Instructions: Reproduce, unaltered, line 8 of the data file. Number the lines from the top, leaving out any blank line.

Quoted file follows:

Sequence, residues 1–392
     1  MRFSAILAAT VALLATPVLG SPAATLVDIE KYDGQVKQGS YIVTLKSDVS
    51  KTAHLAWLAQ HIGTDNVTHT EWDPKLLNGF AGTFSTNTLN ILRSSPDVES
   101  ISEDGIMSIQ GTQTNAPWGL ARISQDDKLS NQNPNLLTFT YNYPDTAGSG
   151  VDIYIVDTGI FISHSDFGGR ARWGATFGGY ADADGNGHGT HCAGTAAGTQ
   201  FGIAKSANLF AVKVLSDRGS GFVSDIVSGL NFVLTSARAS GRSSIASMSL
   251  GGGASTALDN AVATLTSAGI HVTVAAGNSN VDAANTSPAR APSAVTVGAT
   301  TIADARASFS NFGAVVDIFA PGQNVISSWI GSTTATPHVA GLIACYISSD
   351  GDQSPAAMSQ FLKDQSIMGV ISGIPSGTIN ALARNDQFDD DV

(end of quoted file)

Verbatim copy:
   301  TIADARASFS NFGAVVDIFA PGQNVISSWI GSTTATPHVA GLIACYISSD